Phreak mentioned the lack of an Armguard on Faker’s Azir versus Febiven’s Zed so I ask about SKT’s itemisation in general – some of Bang and Faker’s decisions and choices across the best-of-5 were downright odd.
“You’d see weird things by SKT – I felt like they itemised improperly,” says Phreak. “There was one where Faker’s really far behind and he builds a Luden’s Echo on a champ where he should just get a Deathcap. You’d see Bang get behind on Sivir and, like, build an early Brutalizer. ‘I’m just going to build Youmuu’s and hope I have some spell damage…’ – really awkward.
“There’s one which Bang got really abused for. He had a really awkward recall and had exactly 800 gold and he’d buy an Avarice Blade and not even potions. You should probably buy boots or a Long Sword and a few potions because you’re going to get wrecked in lane. Lo and behold the guy gets down, like, 40 CS. He’s getting some money back from Avarice Blade but his lack of combat stats means he can’t do anything in the 2 on 2 whatsoever.”
It’s particularly noticeable in that matchup as bottom lane is where Fnatic has a weakness. Their ADC Steeelback’s average CS in competitive games has been noted several times by the casters and analysts as a cause for concern in comparison to those of his counterparts on other teams.
“I don’t know if it’s greed or disrespect or nerves or what,” says Phreak. “Honestly, [they made] some severe itemisation mistakes. Itemisation is something that’s really hard to get wrong because you can basically follow a formula and it’s right 99% of the time. There are some differences you can make: a key example being Hecarim players can choose to not go Trinity Force if the team really needs a tank. That’s one of the few adaptations that regularly exists in League of Legends. Or AD carries going Bloodthirster versus Blade of the Ruined King. But not coming into lane with potions? Why would you ever do this. Similarly, the non-Armguard Azir from Faker. That’s just wrong. You build a defensive item so you don’t die to Zed. It’s either disrespect or just an incorrect choice.”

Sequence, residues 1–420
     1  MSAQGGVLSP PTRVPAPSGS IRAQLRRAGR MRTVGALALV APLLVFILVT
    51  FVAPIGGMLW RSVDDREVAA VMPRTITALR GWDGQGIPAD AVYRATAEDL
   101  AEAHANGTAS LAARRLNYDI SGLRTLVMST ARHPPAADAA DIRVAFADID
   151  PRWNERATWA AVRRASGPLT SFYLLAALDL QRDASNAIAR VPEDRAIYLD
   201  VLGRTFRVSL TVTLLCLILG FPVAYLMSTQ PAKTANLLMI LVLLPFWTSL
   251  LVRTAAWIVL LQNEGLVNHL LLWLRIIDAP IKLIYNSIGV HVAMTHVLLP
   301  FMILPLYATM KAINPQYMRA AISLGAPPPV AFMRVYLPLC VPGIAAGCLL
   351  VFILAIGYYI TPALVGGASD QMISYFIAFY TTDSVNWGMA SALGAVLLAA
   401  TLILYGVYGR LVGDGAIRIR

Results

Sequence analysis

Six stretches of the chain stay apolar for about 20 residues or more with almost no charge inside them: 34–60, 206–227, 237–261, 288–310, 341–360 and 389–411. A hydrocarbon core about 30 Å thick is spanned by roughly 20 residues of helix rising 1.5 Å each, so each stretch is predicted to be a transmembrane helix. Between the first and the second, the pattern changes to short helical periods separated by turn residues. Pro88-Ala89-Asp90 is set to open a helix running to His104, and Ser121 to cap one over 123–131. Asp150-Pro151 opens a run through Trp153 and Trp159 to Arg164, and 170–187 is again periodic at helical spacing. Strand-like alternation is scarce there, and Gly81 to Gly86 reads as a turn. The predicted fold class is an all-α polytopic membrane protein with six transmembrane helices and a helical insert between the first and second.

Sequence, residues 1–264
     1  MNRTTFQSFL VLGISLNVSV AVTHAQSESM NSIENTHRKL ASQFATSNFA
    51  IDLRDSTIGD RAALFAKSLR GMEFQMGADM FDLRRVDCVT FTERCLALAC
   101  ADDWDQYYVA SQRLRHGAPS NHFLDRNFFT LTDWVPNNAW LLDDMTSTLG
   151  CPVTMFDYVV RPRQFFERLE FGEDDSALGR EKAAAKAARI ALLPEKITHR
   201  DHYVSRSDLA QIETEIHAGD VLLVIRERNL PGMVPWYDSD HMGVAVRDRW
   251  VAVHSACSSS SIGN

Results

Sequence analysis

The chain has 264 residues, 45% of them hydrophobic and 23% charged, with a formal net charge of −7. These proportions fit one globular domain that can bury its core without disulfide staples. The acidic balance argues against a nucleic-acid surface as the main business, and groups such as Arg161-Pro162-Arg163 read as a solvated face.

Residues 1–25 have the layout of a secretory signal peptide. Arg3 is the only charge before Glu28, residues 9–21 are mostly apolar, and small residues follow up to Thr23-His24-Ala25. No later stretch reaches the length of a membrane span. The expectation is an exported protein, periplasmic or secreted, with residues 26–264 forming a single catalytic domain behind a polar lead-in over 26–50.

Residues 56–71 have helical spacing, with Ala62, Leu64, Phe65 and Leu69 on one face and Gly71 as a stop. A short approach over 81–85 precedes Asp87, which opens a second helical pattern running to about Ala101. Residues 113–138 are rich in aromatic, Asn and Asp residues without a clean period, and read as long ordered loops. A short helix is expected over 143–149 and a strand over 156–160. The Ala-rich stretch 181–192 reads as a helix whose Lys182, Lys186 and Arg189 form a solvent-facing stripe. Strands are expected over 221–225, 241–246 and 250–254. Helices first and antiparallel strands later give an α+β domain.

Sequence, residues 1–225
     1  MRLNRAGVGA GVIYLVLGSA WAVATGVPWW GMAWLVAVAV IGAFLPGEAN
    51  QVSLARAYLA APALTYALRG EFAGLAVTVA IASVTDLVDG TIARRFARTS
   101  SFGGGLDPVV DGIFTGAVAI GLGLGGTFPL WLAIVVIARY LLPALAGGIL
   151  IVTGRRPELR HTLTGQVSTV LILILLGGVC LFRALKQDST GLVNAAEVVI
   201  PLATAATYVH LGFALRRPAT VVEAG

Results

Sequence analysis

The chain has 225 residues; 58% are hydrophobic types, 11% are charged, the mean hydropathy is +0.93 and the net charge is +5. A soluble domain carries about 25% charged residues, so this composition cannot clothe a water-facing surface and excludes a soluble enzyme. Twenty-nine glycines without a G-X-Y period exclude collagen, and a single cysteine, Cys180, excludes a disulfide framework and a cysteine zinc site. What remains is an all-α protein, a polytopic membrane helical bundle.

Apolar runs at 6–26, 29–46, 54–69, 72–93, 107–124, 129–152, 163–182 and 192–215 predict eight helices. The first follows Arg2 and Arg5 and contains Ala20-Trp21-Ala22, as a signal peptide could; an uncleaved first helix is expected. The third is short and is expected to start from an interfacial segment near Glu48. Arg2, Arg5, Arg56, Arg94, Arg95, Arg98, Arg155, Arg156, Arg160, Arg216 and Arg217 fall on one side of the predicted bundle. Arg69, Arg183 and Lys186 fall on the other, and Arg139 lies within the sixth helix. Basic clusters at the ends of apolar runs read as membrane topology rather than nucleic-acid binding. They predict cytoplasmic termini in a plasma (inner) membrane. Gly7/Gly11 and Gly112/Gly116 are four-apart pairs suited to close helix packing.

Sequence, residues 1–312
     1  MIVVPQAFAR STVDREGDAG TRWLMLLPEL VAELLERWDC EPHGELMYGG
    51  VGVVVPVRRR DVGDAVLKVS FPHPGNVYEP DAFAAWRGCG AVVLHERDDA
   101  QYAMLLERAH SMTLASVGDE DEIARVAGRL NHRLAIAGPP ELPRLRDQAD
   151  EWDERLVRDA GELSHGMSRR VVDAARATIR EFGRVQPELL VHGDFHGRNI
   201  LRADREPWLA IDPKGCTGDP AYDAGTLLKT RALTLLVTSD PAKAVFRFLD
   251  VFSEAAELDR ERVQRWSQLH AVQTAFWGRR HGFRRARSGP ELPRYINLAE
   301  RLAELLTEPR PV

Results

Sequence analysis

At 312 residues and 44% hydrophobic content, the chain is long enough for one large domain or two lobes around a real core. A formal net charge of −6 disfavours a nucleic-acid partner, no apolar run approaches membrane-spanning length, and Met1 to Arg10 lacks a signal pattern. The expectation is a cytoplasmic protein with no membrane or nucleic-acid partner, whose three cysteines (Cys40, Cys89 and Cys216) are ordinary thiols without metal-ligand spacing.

But Phreak points out that without speaking to the players directly it’s hard to know for sure what happened in a given situation. “You see the symptoms – he bought the wrong thing. Figuring out why is hard. I’m usually pretty hesitant to say ‘He did this because x’.
“I think in League of Legends a lot of the good and bad plays are pure happenstance. It’s impossible to know all the inputs for something. If you go gank bottom lane you don’t know exactly where the jungler is a lot of the time. Sometimes you have a ward but a lot of the time you don’t know for sure where that guy is. When the gank works you’re like, ‘He’s so smart, he knew Gragas was on the other side of the map!’ and when it fails it’s like ‘He’s so dumb! Gragas was right there!'”
That combination of happenstance and smart play is something we saw in the fifth game of the series with SKT’s jungler, Bengi, on Nunu. Phreak points out that compared with Rek’Sai or Gragas or even Lee Sin, Nunu is a tricky champion with which to exert control. “His counterganks are pretty mediocre, his actual ganks are even worse, he doesn’t do much unless he’s stealing jungle camps from the enemy jungle.”
But in this particular game? “Essentially, a lane swap happens, Reignover is in the greedy side of the jungle near the enemy duo lane and Bengi takes one camp, runs across, find him on red, steals the camp and is then so healthy he can fight him for blue as well. When you have a greedy jungle start and get punished for it Nunu looks amazing. Bengi stops Reignover from doing anything then Faker gets to play ahead of the minion line and crush Febiven.”
Happenstance and smart play.